The dismissal of the commission’s case against most of the banks raised questions about the regulator’s ability to prosecute high-profile cartel cases or white-collar crimes. The commission is arguably petitioning the Constitutional Court to defend its credibility, which is on the line. 

Apex court appeal 

The commission wants to appeal the ruling at the Constitutional Court and still press ahead with charges against 13 commercial banks, including Bank of America, Merrill Lynch, JPMorgan Chase, Australia and New Zealand Banking Group, Standard Bank, Nomura International, Commerzbank, Macquarie Bank, HSBC Bank, Bank of America, Nedbank, FirstRand Bank and Standard Americas. 

The commission will not appeal the Competition Appeal Court ruling or forge ahead with charges against the holding companies of Nedbank, FirstRand, Credit Suisse and Standard New York Securities. 

“This appeal will provide the Constitutional Court with an opportunity to pronounce on whether the South African competition authorities have jurisdiction to investigate and prosecute firms that are based outside of the republic whose anti-competitive conduct affects the South African economy,” Commissioner Doris Tshepe said in a statement on 6 February. 

Since the commission launched its case in 2017, it has spent more time defending itself against technical issues raised by banks, such as whether it had jurisdiction over foreign entities, rather than the merits of its case being heard. However, the commission has secured some victories against commercial banks.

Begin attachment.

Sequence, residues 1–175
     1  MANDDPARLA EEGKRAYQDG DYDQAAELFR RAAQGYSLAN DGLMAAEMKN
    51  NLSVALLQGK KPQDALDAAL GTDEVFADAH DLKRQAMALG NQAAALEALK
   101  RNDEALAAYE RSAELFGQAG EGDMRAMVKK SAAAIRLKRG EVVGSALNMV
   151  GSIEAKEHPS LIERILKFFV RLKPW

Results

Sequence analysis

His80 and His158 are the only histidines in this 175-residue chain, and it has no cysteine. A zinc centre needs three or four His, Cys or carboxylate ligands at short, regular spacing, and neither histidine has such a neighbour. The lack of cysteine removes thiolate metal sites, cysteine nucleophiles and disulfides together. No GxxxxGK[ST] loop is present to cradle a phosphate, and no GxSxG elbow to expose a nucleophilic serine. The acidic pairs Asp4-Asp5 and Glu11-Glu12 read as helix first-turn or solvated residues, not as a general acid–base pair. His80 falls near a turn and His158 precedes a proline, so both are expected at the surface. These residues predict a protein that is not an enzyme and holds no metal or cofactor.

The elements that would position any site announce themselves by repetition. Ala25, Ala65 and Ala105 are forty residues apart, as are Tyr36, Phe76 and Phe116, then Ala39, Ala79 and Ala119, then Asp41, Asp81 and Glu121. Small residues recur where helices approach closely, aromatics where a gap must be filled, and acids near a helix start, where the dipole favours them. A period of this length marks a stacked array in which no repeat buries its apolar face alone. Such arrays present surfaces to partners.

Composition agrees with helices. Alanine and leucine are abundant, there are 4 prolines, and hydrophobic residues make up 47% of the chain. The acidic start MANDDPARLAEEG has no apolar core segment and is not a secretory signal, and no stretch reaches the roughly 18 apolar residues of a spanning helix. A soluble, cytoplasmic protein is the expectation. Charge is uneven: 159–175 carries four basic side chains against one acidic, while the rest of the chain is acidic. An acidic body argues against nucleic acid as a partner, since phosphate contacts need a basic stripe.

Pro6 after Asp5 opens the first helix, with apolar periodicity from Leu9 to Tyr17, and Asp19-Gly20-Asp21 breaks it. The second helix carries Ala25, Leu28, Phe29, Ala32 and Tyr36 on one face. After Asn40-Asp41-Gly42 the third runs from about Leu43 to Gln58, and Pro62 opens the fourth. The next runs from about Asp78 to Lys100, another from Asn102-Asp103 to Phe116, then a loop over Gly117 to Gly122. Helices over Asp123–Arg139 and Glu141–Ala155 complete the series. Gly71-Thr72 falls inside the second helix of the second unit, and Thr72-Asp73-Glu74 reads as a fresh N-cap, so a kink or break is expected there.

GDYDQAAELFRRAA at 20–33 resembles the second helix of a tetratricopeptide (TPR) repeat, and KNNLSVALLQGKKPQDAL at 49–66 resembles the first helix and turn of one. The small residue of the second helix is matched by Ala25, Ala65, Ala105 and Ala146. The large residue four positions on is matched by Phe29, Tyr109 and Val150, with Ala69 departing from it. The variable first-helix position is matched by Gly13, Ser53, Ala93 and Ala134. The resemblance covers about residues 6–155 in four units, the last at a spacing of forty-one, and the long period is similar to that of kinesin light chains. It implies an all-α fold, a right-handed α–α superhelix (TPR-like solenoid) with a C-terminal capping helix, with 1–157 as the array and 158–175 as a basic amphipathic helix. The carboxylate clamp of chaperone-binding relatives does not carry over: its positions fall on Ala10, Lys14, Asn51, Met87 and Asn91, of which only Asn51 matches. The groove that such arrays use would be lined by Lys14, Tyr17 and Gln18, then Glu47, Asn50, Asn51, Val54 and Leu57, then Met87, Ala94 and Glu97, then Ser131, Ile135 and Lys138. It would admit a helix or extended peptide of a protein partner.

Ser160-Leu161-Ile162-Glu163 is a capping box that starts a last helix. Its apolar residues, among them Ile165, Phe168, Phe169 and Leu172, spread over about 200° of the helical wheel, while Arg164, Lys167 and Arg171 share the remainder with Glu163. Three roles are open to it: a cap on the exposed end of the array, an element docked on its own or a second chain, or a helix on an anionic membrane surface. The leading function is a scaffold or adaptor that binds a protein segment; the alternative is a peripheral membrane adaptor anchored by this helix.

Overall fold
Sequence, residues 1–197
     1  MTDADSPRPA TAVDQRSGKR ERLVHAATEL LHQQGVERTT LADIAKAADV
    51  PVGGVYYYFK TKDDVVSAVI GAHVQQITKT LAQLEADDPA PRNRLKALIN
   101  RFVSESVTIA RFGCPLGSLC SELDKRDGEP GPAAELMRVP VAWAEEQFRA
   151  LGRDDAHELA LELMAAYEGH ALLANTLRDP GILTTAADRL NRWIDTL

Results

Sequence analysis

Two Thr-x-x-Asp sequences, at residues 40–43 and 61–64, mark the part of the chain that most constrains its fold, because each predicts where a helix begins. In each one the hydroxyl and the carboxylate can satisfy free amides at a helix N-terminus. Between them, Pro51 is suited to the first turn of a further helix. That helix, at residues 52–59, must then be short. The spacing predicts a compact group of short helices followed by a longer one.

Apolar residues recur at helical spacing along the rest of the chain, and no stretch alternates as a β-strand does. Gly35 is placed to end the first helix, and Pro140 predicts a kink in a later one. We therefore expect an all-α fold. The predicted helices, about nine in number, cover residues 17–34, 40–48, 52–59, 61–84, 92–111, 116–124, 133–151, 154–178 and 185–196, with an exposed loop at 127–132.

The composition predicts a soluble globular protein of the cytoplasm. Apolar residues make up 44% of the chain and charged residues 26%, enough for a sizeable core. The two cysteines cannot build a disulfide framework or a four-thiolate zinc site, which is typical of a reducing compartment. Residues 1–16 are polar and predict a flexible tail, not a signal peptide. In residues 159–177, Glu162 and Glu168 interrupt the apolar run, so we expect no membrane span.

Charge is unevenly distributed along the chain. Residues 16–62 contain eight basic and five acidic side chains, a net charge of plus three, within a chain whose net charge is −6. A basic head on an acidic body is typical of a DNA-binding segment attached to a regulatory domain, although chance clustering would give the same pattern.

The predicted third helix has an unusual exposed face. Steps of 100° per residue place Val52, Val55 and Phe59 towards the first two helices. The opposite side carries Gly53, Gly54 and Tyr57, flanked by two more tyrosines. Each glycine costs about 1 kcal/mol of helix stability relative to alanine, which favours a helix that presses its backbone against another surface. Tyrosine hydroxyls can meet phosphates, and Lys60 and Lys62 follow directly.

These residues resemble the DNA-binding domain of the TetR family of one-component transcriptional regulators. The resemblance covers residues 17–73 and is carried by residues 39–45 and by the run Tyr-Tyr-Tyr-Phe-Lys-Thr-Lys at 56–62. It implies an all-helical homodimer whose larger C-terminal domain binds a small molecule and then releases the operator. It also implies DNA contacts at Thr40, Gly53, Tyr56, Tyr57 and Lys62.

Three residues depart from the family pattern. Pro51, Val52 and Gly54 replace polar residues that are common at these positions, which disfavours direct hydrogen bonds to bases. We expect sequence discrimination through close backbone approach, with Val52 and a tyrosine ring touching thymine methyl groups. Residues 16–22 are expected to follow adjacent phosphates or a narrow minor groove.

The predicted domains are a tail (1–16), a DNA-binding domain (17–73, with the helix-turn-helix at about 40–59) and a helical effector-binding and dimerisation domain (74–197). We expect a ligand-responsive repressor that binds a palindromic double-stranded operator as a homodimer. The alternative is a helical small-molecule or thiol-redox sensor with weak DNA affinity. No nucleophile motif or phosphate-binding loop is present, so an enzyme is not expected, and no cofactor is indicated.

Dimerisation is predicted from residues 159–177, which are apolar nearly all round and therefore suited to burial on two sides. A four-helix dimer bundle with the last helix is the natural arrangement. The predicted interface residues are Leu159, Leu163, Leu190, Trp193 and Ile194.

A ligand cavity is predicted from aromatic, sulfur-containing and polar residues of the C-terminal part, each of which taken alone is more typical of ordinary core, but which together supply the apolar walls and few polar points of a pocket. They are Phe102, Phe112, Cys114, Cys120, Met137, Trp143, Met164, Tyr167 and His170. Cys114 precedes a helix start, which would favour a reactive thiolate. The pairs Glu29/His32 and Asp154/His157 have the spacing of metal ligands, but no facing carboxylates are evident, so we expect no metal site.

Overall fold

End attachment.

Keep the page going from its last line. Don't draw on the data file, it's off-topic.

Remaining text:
UK-headquartered Standard Chartered recently agreed to pay an administrative penalty of R42.7-million. Citibank paid an administrative penalty of R69.5-million in March 2017, and Barclays plc, Barclays Capital and Absa are cooperating with the commission to be granted leniency. DM


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  • Michael Thomlinson says:

    Talk about flogging a dead horse! But hey, it’s taxpayers money, so let’s enrich a few more of our lawyer comrades on a path to nowhere. I think the banks have some dirty laundry that they should be accounting for but does the CC really believe that banks that are in fierce competition with each other would collude on something like this? And they would have had to collude on something like this to make any kind of difference to the currency exchange. I think the ANC are simply using this as a smoke screen to cover up for the mess they have made of our economy and the devaluation of our currency. ie. they need to blame somebody and that, preferencially, would be private business.

  • Geoff Coles says:

    Oh dear me Doris, and you too Hodge ifyou are involved. You won’t appeal your own ‘Appeals Tribunal’….. the Constitutional Court rather.

    You should be personally sanctioned on this Doris

  • Casey Ryder says:

    It is now high time for a court to order the vexatious management of the so-called Competition Commission to personally pay the costs of their baseless, ill-founded and malevolent actions.

  • Gerrit Marais says:

    Once again, taxpayers will have to cough up for the incompetence of the cadres.